Protests, negotiations, and eyebrow-raising statements. Get the inside scoop on COP28 drama

Protests, negotiations, and eyebrow-raising statements. Get the inside scoop on COP28 drama

Greetings to our dedicated readers,

As the curtains fell on COP28 in Dubai, we witnessed not just a landmark moment in our journey towards sustainability but also a drama-filled episode in the climate change saga. The 28th session of the Conference of the Parties (COP) to the UN Framework Convention on Climate Change was more than just controversy and intense negotiations; it was a stage for headline-grabbing moments, complete with protests and some eyebrow-raising statements from the COP28 President Sultan al-Jaber, who is facing a backlash over his claim that there is “no science” behind calls for a phase out of fossil fuels. Despite the drama, COP28 still scored some wins in the climate battle, showing we can make progress even in the thick of chaos.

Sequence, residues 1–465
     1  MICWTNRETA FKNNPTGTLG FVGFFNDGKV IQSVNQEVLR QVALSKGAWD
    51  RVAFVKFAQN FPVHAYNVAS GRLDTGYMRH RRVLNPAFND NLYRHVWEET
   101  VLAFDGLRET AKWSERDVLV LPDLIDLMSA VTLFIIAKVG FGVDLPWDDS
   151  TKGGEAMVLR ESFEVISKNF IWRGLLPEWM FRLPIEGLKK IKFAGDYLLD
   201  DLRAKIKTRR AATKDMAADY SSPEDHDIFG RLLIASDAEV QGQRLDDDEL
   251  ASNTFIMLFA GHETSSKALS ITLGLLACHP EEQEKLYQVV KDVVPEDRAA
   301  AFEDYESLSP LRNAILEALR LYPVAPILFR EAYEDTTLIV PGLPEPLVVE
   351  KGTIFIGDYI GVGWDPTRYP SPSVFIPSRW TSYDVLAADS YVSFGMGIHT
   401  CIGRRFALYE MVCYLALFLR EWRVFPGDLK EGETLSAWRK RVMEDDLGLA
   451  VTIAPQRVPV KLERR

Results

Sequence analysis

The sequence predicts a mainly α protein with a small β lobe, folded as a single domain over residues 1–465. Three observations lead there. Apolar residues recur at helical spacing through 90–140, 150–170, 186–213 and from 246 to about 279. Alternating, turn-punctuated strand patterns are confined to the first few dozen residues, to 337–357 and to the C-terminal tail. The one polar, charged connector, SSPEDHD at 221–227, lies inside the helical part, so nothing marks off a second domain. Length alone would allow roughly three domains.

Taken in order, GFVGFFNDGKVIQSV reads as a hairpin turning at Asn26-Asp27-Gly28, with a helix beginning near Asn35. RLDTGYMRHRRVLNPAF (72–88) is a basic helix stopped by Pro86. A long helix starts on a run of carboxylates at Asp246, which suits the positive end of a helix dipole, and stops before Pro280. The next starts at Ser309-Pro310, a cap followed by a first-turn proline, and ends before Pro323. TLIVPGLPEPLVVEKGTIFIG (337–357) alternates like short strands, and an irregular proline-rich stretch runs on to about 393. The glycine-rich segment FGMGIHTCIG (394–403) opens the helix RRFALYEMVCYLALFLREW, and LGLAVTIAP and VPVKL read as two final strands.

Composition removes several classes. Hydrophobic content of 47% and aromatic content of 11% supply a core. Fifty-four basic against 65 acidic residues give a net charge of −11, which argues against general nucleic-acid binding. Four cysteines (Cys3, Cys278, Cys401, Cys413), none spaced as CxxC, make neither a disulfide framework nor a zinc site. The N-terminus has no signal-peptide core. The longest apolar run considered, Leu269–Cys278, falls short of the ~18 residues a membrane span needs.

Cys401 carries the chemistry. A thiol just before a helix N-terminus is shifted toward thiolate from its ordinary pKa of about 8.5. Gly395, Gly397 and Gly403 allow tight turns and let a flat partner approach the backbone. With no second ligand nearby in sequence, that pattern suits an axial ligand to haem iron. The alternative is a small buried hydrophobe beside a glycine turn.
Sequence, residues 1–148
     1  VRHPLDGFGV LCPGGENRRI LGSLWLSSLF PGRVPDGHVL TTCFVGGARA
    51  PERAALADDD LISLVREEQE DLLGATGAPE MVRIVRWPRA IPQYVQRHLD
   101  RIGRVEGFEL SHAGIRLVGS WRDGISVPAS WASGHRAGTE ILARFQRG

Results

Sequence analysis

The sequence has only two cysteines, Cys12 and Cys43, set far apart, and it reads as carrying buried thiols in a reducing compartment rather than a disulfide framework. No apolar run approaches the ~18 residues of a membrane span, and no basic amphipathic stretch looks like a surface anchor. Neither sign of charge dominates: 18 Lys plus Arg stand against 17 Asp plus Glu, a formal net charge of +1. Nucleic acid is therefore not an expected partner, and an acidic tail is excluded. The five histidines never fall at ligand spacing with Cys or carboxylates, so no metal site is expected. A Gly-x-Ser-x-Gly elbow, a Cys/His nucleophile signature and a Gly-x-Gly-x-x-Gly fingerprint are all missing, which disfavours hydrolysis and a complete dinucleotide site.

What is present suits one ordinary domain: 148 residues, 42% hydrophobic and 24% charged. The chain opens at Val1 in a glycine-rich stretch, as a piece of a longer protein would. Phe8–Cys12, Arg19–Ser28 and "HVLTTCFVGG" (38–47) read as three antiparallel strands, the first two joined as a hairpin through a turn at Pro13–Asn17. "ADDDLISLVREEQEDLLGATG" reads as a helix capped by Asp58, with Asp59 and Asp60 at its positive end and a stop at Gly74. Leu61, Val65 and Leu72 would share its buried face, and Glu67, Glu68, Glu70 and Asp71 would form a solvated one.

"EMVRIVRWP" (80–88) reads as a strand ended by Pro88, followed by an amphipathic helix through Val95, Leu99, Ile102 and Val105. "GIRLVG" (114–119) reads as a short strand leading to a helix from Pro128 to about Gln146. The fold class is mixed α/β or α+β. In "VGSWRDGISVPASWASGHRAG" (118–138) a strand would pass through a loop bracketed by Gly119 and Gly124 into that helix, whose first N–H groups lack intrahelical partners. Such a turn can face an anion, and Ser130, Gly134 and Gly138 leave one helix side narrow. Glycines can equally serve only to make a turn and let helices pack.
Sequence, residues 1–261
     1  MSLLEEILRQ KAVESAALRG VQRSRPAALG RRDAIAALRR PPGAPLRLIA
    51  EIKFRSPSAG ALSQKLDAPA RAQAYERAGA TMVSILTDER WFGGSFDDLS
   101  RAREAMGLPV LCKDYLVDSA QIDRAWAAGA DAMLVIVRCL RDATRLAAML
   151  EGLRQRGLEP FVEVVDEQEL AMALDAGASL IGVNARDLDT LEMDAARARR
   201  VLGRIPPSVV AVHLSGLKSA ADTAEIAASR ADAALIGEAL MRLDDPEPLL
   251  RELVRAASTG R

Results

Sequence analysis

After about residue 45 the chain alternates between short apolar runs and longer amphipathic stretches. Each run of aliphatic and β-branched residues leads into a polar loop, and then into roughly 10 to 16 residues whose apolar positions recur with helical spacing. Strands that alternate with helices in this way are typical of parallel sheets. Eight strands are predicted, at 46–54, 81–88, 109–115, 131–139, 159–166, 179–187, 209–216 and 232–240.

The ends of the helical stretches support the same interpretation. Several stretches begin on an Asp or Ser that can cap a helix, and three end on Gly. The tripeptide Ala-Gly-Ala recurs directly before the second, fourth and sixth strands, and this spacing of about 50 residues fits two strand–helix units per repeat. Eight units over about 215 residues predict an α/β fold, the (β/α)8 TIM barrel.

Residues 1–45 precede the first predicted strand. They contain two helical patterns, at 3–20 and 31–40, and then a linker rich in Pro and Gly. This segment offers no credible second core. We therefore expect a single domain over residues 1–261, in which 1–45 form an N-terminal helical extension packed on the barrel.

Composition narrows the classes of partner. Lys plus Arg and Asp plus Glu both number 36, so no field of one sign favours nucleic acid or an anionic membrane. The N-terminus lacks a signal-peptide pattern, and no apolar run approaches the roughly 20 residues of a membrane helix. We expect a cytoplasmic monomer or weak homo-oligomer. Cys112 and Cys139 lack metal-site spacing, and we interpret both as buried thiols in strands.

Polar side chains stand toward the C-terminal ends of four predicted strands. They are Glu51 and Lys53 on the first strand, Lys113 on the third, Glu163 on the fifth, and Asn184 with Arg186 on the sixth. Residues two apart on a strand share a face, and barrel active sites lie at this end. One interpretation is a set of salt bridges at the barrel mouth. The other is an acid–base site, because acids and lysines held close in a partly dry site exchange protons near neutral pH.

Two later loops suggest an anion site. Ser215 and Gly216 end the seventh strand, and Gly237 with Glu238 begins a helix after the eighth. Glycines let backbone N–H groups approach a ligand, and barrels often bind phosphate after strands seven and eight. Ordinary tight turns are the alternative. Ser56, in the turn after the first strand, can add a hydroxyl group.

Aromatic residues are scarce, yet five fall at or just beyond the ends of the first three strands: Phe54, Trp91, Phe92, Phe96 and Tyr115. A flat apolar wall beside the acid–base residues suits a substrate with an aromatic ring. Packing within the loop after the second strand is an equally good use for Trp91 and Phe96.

Negotiations stretched into the night, with over 190 countries striving to shape the final communiqué. Key oil-producing countries, notably Saudi Arabia, strongly opposed any direct mention of fossil fuel reduction, favoring a focus on emissions abatement. This cautious approach drew criticism from many ministers and environmental activists, who sought a more decisive and clear path towards achieving net-zero emissions, reflecting a clash between environmental goals and economic interests.

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The summit's agenda was jam-packed with critical discussions, including the completion of the first Global Stocktake under the 2015 Paris Agreement, which is pretty much the ultimate health check for our planet, operationalizing funding arrangements for loss and damage, and establishing new collective goals for climate finance and global adaptation. The COP 28 Presidency's focus on energy transition, climate finance, people-centered approaches, and inclusivity set a clear tone for the discussions.